by Will Li (’23) and Kasper Halevy (’24) | March 21, 2022
Strolling into the Commons, one can never miss the energetic student sporting tinted aviator glasses, playing an assortment of melodies from Baroque sonatas to the Minecraft soundtrack on the piano.
Dubbed “The Piano God,” Ashton Liu (’22) began his musical journey at age four. “My mom taught me a lot of the basics, like reading and memorizing notes,” he recalled. At age seven, he began studying at Almaden Music School and later transferred to the Pacific Music Academy, both based in San Jose.
“At Pacific Music Academy, they do rigorous training and all these exercises to build your technique. You also build your emotion, a main part of playing piano,” he explained. Liu transitioned to private lessons in middle school, but pandemic-induced online lessons were “horrible,” he said. The teachers “couldn’t really see my hand movements, and they would vaguely listen through the Zoom microphone.”
As a result, he decided to “hold off” on structured lessons: “I might sign up for a piano minor in college, but right now, I pretty much play for myself, just learning whatever.”
His favorite piece is Chopin’s “Fantaisie-Impromptu,” which consists of an extremely rapid melody coupled with a similarly quick accompaniment of an entirely different rhythm. “I’m a very big fan of Romantic [music], and a very big fan of Chopin,” he explained.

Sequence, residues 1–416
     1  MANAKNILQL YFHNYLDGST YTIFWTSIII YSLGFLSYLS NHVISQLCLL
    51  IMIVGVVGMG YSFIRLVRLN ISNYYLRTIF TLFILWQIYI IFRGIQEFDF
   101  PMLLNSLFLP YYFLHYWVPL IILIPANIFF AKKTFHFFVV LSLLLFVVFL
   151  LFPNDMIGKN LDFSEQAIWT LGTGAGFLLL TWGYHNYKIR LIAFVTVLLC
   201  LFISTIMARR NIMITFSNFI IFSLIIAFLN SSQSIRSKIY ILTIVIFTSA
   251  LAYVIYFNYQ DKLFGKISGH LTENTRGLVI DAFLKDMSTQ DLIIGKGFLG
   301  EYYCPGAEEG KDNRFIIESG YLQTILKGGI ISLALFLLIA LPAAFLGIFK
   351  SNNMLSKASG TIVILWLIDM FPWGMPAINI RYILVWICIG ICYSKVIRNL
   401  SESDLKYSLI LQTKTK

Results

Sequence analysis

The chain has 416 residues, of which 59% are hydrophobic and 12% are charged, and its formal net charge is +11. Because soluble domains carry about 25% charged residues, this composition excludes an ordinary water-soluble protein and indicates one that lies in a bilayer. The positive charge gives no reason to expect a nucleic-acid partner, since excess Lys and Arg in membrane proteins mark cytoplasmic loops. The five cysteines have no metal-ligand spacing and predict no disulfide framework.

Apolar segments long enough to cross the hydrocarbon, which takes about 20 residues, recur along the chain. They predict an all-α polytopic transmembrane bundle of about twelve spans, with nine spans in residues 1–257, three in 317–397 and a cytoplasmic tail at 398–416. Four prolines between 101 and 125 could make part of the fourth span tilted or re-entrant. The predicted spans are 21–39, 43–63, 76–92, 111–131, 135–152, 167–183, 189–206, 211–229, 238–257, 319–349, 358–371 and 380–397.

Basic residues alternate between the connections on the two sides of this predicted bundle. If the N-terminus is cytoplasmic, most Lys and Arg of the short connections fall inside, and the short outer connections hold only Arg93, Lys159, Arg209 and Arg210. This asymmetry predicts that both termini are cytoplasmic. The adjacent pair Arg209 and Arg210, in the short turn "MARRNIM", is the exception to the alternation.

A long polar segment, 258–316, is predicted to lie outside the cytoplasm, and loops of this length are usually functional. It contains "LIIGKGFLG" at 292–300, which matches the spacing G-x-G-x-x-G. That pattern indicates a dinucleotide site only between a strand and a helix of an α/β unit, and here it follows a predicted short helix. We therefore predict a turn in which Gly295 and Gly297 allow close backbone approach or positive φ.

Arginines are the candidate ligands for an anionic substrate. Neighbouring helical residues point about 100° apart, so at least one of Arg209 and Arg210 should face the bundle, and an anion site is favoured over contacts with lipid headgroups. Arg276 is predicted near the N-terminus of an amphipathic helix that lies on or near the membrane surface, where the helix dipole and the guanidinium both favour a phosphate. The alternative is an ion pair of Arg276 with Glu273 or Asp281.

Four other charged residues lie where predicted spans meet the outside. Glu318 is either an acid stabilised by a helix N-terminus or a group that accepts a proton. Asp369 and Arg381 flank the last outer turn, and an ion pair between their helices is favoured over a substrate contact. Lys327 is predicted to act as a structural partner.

Having played the piano for fourteen years, Liu prides himself on his host of achievements. He has passed the eleventh and final stage of the California Certificate of Merit exams, providing him with certification to mentor others. He has also won six awards in the US Open Music Competition, which includes divisions where pianists can showcase a song of their choice or even learn a song in a short timeframe.
Liu will also showcase his musical ability by playing the keyboard in the upcoming Saint Francis production of Mamma Mia. “Previous piano experiences [have been] very stressful [with] getting your piece down to each exact note. You also have to memorize each piece. But Mamma Mia is the opposite,” he explained. “You can actually look at your music, and you get to accompany others.”
Aside from piano, Liu is also a board member of the 3D Printing Club, Audio/Visual Club, Programming Club, and Lancer Robotics. “I’ve always had a passion to 3D model and 3D print,” he noted. Although printing at school came to a stop during the pandemic, Liu was able to reinvigorate the craft during his senior year, creating fidget toys, a wearable gauntlet exoskeleton, the “Pythonic Staff of Enlightenment” (consisting of a staff with a Python logo on top), hearts with internal revolving gears for Valentine’s Day, and an “Infinity Cube” which can be turned forever.
One of his favorite experiences at St. Francis was running down the track as the flag-bearer for the robotics team at the Back-to-School rally on September 24. “We created a T-shirt cannon and fired T-shirts at random areas [in the bleachers] for the [students] to catch. My job was to reload, so I got to run with the robot. It was a special occasion,” he explained. He is also the team’s driver for the upcoming international First Robotics Competition.
But throughout his four years, playing piano for others has been his greatest pleasure. “I like to really just entertain,” he said. ”I like giving to people, and I like to give enjoyment as well.”
Categories: Column, Features, Humans of Saint Francis
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